1） Grounding everything to the same physical point.
2） Using a heavy ground bus to reduce the resistance of ground connections.
3） Removing sources of large ground currents from the ground bus used for small signals.

2.4. Microphonics

Not all sources of noise are electrical in origin. Mechanical noise can be translated into electrical noise by microphonic effects. Physical changes in the experiment or cables (due to vibrations for example) can result in electrical noise over the entire frequency range of the lock-in.

For example, consider a coaxial cable connecting a detector to a lock-in. The capacitance of the cable is a function of its geometry. Mechanical vibrations in the cable translate into a capacitance that varies in time, typically at the vibration frequency. Since the cable is governed by:

Q =CV

I=dQ/dt=C dV/dt+V dC/dt

Mechanical vibrations in the cable which cause a dC/dt will give rise to a current in the cable. This current affects the detector and the measured signal.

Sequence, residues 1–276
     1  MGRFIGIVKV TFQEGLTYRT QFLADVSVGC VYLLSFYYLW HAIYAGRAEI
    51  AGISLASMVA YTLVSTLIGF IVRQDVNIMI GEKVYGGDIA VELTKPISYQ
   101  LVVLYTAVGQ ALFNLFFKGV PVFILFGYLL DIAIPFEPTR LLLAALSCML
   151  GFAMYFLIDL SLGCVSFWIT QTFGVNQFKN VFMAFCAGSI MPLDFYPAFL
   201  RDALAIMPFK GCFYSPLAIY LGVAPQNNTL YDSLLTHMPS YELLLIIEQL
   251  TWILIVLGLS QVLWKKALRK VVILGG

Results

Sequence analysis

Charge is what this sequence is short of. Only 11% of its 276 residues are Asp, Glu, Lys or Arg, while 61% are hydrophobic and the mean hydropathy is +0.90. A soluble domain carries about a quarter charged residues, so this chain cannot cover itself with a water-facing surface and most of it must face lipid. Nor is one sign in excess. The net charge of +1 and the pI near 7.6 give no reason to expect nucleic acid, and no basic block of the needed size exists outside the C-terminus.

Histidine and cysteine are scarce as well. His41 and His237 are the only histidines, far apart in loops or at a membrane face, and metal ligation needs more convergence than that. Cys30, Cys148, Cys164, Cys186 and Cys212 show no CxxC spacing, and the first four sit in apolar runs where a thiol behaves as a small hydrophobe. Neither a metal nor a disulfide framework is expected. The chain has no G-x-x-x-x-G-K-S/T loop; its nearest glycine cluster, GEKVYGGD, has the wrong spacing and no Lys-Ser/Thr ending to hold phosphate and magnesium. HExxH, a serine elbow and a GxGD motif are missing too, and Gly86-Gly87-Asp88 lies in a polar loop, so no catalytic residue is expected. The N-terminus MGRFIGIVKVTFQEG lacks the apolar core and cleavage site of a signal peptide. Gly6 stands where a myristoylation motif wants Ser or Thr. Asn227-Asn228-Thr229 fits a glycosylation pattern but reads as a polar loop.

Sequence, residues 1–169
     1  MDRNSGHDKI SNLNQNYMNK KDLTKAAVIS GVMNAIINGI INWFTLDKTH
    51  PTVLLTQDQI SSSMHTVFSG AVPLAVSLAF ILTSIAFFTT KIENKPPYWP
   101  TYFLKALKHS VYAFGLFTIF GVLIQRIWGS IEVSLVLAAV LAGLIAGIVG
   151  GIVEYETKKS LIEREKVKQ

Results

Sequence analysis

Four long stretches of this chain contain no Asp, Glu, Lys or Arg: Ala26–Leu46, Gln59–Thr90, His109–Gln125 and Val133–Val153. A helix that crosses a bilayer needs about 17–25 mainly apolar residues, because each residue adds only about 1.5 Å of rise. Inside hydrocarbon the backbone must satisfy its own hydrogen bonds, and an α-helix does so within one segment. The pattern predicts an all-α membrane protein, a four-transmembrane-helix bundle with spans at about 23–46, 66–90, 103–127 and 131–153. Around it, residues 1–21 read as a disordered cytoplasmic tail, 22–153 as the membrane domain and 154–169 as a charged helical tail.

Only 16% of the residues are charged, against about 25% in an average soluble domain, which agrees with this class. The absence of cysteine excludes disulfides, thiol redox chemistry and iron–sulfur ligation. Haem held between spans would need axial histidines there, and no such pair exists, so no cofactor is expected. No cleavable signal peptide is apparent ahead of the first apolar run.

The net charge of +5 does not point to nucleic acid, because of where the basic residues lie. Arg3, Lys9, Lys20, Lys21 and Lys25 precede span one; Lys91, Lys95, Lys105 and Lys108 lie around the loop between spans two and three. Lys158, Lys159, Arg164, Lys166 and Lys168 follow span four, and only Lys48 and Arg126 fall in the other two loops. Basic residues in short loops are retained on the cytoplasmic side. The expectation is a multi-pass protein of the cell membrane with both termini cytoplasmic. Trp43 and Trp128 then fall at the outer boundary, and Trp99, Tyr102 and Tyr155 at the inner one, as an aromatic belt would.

Some ways to minimize microphonic signals are:

1) Eliminate mechanical vibrations near the experiment.

2) Tie down cables carrying sensitive signals so they do not move.

3) Use a low noise cable that is designed to reduce microphonic effects.

2.5. Thermocouple effects

The emf created by junctions between dissimilar metals can give rise to many microvolts of slowly varying potentials. This source of noise is typically at very low frequency since the temperature of the detector and experiment generally changes slowly. This effect is large on the scale of many detector outputs and can be a problem for low frequency measurements, especially in the mHz range.

Some ways to minimize thermocouple effects are:

1) Hold the temperature of the experiment or detector constant.
2) Use a compensation junction, i.e. a second junction in reverse polarity which generates an emf to cancel the thermal potential of the first junction. This second junction should be held at the same temperature as the first junction.